The weather is cooling down and the last of your veggies have been harvested. Find out what you should do to clean up your vegetable garden this fall and get it ready for the dormant winter months.
Keeping a vegetable garden neat and tidy isn’t just for looks — it keeps the garden from attracting unwanted pests and spreading diseases. It might be tempting to let spent vegetable plants remain in the garden bed to naturally decompost over winter, but taking just a few basic steps will save you some potential headaches next spring.
When to clean up
If the last of your plants have been harvested and are ready to cut back now, go ahead and remove them as soon as they stop producing. Otherwise you can wait until the first frost when the annual plants all die back naturally to remove the old plants.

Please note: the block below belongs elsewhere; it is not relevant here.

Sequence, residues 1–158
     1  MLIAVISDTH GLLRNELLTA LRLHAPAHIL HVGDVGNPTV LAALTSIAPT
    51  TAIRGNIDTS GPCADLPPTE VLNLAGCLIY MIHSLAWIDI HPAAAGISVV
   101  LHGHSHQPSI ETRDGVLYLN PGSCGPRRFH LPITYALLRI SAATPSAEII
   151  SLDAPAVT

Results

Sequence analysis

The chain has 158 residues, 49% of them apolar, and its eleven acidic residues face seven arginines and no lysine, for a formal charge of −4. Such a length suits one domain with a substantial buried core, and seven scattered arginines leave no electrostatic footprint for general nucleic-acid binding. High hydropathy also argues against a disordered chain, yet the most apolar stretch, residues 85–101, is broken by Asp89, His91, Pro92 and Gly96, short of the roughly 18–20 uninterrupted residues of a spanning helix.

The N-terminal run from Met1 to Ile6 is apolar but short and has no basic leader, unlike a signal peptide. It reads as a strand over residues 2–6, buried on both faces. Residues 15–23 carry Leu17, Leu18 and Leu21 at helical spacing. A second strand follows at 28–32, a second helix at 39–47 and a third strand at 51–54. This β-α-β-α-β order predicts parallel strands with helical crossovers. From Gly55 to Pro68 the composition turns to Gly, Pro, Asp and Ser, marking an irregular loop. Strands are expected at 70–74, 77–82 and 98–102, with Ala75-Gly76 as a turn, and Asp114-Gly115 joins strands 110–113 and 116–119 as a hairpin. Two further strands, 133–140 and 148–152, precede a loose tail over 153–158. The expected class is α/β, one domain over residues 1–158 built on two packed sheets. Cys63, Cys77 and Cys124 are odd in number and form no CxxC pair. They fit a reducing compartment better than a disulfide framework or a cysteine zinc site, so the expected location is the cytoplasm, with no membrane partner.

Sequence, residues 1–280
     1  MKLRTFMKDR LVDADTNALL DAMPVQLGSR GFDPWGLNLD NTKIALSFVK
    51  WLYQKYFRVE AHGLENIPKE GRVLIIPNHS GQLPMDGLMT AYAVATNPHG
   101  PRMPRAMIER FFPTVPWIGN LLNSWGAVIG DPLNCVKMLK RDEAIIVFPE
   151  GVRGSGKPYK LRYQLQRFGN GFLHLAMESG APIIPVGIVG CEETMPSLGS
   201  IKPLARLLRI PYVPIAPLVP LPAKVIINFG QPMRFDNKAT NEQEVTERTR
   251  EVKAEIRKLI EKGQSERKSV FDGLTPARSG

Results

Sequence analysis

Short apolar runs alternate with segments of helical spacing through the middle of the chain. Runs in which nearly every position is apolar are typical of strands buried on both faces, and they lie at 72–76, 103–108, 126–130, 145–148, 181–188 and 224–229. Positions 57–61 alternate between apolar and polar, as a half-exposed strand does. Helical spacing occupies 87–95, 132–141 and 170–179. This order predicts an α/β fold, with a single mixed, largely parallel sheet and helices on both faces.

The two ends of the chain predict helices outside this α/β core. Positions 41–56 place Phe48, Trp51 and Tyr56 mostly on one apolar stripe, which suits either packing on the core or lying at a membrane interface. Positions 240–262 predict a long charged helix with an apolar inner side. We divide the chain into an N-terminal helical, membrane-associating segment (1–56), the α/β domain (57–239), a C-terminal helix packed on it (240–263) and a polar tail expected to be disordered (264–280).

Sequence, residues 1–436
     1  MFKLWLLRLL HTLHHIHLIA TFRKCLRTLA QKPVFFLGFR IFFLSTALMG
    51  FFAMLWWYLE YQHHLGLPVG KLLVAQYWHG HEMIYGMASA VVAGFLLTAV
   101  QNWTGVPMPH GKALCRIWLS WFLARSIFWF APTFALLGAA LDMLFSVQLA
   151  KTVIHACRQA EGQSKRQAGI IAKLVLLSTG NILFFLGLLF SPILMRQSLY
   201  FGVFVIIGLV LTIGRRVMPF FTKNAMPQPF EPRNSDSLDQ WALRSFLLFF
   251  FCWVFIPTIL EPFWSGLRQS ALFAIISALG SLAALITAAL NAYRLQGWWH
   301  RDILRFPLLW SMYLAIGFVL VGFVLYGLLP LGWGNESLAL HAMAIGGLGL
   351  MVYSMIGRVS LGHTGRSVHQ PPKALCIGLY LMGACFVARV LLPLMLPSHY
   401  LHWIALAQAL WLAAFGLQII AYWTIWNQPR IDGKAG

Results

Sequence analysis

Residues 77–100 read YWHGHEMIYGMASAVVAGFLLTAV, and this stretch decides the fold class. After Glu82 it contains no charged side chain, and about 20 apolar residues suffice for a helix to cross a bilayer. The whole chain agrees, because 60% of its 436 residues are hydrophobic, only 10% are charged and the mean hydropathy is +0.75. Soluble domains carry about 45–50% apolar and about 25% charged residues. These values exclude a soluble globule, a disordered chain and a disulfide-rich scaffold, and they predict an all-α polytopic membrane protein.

Remove dead plants
Old plants that were healthy can be put in a compost pile to be used next spring. However, if a plant showed any signs of disease or unwanted insect infestation, toss it in the trash bin to be collected. Diseased plants placed in a compost pile can potentially spread and cause issues down the road when you’re ready to put the compost to use.
Store support structures
Remove any support structures like tomato cages, trellises, and stakes from the garden. Clean off tools by dusting off dirt prior to storing. It’s ideal to wash these with a bleach solution to disinfect them and keep diseases from spreading. Dry thoroughly before storing for winter.
Apply compost or ground cover
After the bed has been cleared out, restore soil nutrients by placing a layer of compost and mulch in the garden bed to slowly decompost over winter. Consider planting a winter crop like rye or oats to act as ground cover.
Doing just a few garden cleanup chores in preparation for winter will keep your space in good shape for planting next spring.